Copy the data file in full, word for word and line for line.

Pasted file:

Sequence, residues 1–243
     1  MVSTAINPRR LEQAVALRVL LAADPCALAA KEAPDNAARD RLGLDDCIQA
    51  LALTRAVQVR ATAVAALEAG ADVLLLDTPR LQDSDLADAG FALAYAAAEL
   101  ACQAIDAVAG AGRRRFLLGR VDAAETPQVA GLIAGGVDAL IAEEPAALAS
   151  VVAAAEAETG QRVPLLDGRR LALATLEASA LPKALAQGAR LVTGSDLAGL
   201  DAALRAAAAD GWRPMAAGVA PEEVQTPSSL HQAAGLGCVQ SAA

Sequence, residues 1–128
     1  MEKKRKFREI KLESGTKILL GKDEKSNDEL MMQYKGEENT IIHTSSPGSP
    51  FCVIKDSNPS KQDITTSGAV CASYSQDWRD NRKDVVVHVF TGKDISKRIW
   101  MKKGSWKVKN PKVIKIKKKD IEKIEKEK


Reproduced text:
Sequence, residues 1–243
     1  MVSTAINPRR LEQAVALRVL LAADPCALAA KEAPDNAARD RLGLDDCIQA
    51  LALTRAVQVR ATAVAALEAG ADVLLLDTPR LQDSDLADAG FALAYAAAEL
   101  ACQAIDAVAG AGRRRFLLGR VDAAETPQVA GLIAGGVDAL IAEEPAALAS
   151  VVAAAEAETG QRVPLLDGRR LALATLEASA LPKALAQGAR LVTGSDLAGL
   201  DAALRAAAAD GWRPMAAGVA PEEVQTPSSL HQAAGLGCVQ SAA

Sequence, residues 1–128
     1  MEKKRKFREI KLESGTKILL GKDEKSNDEL MMQYKGEENT IIHTSSPGSP
    51  FCVIKDSNPS KQDITTSGAV CASYSQDWRD NRKDVVVHVF TGKDISKRIW
   101  MKKGSWKVKN PKVIKIKKKD IEKIEKEK